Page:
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Taking Chances: Winning with Probability
Publisher: Oxford University Press (2000)
Details: 344 pages, Paperback
Topics: Mathematics for the General Reader, Probability
MAA Review[Reviewed by Randall J. Swift, on 11/20/2000]
The ideas of probability are central to everyday life. Every day we are faced with the assessment of the risks of uncertain events. Decisions about whether we should take a life insurance policy, or if we should drive on the interstate in terrible weather, or if we should play the state lottery all involve understanding the outcome of a random event.
The study of random events is central to probability theory. However, most people have a poor understanding of the concept of randomness. For instance, it is often assumed that an event becomes more likely when it hasn't occurred.
Taking Chances: Winning with Probability is an introduction to probability theory that is intended for a general audience. It endeavors to explain probability while clarifying the concepts that often lead to common misconceptions. Often these misconceptions arise in games of chance. The book consists of short sections that aptly describe problems involving games of chance and uses only arithmetic and a small amount of algebra in its derivations. The author's intention is to overcome these common fallacies by clearly discussing and developing the relevant concepts. These intentions are well met in this text.
The writing style is very clear and polished. However, the style is somewhat formal at times. The book tends to read more like a textbook on probability rather than a book for the general audience. This is by no means a criticism, as the discussion and subsequent derivations are well written and can be easily followed. The mathematics level is higher than other popular texts on probability. D. Bennett's recent book Randomness is one such text that covers the essential elements of probability in a less mathematically demanding fashion.
Taking Chances tackles an impressive range of topics: lotteries, dice and card games, various casino games and racetrack betting. There is also a smattering of game theory, which includes a nice discussion of the Prisoner's Dilemma. While these topics are discussed, the basic laws of probability theory are motivated and used to solve the problem under consideration.
The discussion on betting schemes commonly used in the UK National lottery (as well as other lotteries), was interesting and enlightening. The schemes that people use for choosing their "winning" numbers range from picking important dates such as birthdays or holidays, to choosing the numbers based upon a particular pattern that the numbers form on the lottery ticket. The discussion is supported with actual weekly lottery data on the frequency of numbers selected, which I was unaware was publicly available.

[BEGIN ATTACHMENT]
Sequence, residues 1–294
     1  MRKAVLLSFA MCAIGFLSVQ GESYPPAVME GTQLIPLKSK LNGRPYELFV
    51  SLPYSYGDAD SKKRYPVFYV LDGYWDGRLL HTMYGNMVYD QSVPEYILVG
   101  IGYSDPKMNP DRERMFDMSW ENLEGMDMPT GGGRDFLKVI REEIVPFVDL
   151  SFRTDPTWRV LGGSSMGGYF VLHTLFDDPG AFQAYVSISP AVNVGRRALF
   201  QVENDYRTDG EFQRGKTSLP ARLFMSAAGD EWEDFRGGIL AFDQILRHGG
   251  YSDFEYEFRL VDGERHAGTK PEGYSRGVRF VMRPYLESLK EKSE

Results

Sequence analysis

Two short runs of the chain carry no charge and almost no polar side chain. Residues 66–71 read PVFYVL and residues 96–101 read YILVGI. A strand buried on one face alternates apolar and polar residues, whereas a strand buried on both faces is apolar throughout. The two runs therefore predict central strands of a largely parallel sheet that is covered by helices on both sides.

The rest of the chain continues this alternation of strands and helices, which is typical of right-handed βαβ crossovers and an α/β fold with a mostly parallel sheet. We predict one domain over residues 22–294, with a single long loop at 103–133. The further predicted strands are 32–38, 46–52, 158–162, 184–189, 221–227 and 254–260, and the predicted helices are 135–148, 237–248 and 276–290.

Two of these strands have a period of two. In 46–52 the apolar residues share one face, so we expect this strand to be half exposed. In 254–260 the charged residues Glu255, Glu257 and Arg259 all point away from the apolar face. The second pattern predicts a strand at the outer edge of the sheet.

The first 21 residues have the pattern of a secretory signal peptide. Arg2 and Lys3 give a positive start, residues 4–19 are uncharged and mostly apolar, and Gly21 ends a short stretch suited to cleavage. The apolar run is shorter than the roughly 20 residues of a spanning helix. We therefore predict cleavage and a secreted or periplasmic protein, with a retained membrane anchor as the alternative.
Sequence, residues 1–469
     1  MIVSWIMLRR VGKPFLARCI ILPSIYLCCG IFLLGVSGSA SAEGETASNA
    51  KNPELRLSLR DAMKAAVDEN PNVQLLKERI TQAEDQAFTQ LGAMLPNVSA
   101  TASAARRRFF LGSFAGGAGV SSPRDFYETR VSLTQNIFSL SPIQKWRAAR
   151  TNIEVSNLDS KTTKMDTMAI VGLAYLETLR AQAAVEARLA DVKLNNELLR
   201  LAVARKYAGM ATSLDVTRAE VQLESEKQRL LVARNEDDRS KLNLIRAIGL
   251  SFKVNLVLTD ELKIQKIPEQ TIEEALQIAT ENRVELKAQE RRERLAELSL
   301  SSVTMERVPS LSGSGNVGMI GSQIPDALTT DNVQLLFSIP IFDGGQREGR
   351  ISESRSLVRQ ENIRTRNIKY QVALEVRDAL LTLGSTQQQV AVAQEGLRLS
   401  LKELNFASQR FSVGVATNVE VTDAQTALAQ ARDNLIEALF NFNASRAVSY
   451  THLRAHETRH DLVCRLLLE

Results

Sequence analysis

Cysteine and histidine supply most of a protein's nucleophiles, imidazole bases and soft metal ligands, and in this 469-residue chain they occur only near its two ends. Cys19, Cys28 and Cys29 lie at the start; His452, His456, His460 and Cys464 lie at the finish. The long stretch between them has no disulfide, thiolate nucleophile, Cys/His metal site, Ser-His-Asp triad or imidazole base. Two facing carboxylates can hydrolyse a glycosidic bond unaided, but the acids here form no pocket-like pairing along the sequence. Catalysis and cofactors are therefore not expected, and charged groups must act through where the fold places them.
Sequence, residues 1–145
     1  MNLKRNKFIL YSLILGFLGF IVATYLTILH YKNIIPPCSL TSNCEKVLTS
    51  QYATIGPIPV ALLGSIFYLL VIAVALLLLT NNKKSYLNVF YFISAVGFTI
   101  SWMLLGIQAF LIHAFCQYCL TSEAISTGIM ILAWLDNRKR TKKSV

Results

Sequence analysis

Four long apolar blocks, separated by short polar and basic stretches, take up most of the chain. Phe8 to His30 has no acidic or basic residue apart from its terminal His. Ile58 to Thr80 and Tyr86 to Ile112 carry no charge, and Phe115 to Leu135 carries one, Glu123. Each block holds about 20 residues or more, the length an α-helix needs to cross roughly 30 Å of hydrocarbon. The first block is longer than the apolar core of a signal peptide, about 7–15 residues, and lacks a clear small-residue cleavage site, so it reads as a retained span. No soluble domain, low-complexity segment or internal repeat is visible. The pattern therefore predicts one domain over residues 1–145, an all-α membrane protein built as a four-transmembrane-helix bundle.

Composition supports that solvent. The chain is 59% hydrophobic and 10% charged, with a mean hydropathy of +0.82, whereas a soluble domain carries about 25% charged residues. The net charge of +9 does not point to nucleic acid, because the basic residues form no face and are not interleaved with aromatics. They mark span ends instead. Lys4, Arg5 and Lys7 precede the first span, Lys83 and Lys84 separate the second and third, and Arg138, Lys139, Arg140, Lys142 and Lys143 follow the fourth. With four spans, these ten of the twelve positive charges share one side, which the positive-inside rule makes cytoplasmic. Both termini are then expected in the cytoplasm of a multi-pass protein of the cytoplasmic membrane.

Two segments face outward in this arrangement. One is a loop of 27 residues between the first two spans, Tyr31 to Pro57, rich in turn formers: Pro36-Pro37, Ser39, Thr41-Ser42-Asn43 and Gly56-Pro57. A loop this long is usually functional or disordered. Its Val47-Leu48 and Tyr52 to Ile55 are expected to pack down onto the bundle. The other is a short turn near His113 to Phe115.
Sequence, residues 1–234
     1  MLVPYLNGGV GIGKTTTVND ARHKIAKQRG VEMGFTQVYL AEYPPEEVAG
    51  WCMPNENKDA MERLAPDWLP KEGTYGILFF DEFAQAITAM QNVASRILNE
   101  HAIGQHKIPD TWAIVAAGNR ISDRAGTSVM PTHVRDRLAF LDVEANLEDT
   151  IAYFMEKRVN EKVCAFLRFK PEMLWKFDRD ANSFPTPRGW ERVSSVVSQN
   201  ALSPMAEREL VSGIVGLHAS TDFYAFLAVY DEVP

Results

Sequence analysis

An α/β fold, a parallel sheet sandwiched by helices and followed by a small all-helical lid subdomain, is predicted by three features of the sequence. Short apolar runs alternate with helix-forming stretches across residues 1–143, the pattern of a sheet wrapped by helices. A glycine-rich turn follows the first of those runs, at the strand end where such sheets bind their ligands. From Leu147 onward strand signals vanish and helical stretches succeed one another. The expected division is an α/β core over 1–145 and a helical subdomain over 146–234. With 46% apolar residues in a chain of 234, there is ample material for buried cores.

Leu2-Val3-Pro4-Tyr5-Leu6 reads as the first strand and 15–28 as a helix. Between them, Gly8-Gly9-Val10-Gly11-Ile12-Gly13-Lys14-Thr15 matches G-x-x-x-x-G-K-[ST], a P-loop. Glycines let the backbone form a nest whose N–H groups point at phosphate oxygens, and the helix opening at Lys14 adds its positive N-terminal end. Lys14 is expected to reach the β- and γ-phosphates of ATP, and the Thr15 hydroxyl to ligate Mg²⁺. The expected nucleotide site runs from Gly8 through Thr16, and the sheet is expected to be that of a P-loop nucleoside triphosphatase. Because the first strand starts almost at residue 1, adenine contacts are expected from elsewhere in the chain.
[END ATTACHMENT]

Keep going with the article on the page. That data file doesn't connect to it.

As an aid for the reader to gauge their learning, the text includes "Test Yourself Quizzes." These quizzes cover ideas that have been discussed in the text as well as some extensions. The text includes detailed solutions to these quizzes in an appendix. This is a nice feature of the book that makes it convenient for self-study.
With the abundance of topics covered, as well as the problems included in the quiz sections, the text lends itself nicely as a supplement to courses in probability theory. As a supplement, the text might ideally work well in a junior level course in probability, where students often can benefit from studying the probabilities associated with realistic games of chance. In such a course, the quiz sections could be used as supplementary homework. The text could also be profitably used as a supplement for an introductory course in statistics or as a supplementary reading in a course in mathematics for the liberal arts student.
Having taught probability at various levels, I can say that a source, such as this text, with its wealth of information and examples, is a welcome addition.
D. J. Bennett. Randomness, Harvard University Press, 1998. ISBN 0674107454.
Randall J. Swift (email@example.com) is associate professor of mathematics at Western Kentucky University. His research interests include nonstationary stochastic processes, probability theory and mathematical modeling. He is a co-author of the MAA text A Course in Mathematical Modeling.
His non-mathematical interests are primarily devoted to his wife and three young daughters, but, when he has the time, he enjoys science fiction, history, listening to public radio, cooking and baseball.